The Splendor of Portugal‘s four narrators are members of a once well-to-do family whose plantation was lost in the Angolan War of Independence; the matriarch of this unhappiest of clans and her three adult children speak in a nightmarish, remorseless gush to give us the details of their grotesque family life. Like a character out of Faulkner’s decayed south, the mother clings to the hope that her children will come back, save her from destitution, and restore the family’s imagined former glory. The children, for their part, haven’t seen each other in years, and in their isolation are tormented by feverish memories of Angola.
In this brutal dissection of guilt, victimhood, self-hatred, betrayal, and atrocities both political and domestic, Antunes proves once more that he is the foremost stylist of his generation, a fearless investigator of the worst excesses of the human animal.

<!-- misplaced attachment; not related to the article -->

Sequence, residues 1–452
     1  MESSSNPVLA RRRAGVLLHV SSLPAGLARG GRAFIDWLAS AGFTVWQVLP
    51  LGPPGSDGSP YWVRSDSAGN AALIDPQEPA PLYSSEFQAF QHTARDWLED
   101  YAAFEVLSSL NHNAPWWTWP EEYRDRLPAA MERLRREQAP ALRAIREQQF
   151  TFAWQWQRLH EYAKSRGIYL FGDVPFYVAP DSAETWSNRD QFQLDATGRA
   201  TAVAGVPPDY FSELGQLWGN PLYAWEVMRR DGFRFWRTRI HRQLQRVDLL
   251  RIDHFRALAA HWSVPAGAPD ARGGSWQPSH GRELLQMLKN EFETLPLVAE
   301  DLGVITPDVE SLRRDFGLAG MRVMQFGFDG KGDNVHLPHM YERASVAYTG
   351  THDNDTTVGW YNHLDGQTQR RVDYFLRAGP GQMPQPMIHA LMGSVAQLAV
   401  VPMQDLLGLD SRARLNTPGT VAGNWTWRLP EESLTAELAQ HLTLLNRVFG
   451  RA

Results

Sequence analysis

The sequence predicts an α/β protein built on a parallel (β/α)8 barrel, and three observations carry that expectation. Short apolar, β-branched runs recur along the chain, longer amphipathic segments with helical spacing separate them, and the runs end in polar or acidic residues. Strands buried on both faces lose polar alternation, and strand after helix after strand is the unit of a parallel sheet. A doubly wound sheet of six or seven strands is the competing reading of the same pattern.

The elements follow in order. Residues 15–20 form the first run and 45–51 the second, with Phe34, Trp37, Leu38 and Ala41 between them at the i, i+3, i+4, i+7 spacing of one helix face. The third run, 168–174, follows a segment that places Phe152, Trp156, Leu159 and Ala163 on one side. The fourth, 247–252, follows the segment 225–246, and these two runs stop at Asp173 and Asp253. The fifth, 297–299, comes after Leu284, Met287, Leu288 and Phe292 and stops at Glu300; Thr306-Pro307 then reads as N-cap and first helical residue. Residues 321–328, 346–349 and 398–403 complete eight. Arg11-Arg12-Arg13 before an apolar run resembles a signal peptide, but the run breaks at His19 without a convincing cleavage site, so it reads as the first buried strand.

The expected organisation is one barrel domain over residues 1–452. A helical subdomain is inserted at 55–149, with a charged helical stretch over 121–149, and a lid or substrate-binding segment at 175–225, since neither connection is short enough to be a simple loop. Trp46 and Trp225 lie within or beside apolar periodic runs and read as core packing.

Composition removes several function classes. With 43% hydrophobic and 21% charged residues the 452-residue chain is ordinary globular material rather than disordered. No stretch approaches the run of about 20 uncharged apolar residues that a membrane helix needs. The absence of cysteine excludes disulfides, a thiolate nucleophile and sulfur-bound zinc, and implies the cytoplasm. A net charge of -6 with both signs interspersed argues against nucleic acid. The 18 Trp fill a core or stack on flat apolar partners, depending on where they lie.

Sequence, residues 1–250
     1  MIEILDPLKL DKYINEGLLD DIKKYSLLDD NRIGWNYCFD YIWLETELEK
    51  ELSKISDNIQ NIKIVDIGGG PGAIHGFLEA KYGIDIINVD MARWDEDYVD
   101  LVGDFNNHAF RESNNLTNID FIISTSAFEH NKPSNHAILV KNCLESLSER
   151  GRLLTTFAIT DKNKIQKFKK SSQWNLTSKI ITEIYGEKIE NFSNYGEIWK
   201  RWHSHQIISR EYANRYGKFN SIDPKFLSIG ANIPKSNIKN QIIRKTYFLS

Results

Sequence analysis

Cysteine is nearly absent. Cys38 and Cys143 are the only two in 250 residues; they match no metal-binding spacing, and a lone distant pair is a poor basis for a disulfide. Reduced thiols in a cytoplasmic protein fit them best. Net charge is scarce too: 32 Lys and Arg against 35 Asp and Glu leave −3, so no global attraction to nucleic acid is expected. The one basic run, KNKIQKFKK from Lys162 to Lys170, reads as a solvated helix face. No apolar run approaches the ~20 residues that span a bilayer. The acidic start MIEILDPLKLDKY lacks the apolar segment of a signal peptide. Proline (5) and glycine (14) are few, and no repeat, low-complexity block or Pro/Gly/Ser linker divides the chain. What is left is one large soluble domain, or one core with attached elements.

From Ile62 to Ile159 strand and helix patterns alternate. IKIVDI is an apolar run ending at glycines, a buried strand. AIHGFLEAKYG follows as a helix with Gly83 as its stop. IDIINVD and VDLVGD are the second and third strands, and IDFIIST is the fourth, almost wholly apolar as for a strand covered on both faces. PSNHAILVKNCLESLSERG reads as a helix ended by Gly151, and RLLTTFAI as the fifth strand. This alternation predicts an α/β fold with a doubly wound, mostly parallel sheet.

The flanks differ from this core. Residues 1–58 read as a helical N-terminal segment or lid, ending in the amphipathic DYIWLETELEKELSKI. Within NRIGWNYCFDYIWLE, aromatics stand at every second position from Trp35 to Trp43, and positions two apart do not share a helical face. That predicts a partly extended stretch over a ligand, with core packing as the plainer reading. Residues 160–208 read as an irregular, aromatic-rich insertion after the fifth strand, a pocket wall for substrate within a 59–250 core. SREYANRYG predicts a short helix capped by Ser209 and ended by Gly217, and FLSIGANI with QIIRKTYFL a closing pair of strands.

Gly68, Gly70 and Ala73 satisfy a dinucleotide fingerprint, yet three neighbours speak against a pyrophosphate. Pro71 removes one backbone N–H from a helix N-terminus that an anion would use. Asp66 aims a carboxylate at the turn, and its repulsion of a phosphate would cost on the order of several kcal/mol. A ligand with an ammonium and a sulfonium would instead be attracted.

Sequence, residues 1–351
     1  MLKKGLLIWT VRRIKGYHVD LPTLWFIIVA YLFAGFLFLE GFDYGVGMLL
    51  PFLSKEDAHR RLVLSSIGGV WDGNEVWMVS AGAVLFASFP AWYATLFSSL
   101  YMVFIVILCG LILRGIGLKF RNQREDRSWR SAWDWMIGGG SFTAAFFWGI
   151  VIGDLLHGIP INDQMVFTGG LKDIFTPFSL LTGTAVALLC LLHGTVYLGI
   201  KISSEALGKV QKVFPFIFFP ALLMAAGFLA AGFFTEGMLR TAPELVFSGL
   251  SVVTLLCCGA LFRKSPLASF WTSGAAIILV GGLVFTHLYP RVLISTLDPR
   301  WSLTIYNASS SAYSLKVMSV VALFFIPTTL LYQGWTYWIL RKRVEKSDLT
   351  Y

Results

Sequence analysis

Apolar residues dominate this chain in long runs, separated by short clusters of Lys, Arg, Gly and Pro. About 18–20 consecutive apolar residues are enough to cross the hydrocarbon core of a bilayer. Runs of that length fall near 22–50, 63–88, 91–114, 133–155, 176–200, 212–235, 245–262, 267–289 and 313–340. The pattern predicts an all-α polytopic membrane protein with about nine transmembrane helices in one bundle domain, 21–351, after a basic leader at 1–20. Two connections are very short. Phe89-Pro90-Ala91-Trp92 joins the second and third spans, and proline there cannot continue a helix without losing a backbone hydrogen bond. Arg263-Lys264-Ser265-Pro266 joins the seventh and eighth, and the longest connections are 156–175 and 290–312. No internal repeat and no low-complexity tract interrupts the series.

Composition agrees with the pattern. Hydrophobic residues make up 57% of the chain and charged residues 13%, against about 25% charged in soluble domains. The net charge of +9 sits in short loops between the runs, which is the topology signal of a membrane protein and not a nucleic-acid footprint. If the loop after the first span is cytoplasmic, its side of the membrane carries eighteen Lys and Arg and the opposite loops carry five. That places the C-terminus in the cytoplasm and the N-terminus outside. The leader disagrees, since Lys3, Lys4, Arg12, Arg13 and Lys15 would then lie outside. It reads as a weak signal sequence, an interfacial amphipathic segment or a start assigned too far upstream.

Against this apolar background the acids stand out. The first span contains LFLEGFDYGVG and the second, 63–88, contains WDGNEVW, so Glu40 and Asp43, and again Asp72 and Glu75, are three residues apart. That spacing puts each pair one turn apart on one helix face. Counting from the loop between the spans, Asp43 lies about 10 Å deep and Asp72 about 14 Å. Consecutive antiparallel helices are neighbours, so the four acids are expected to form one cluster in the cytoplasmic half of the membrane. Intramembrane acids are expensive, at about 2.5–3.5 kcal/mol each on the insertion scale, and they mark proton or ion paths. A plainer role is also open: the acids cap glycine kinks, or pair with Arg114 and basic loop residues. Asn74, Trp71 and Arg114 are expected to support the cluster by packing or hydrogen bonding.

Dr. António Lobo Antunes, born in 1942 in Lisbon, decided to be a writer at age 7; he’s also been a soldier, military physician, and psychiatrist, and served in Angola during the Portuguese Colonial War. In addition to his various literary prizes – including the 2000 Austrian State Prize and the 2005 Jerusalem Prize – Dr. Lobo Antunes is also a Commandeur de l’Order des Arts et des Lettres in France and a Knight of the Grand Cross in the Order of St. James of the Sword in Portugal.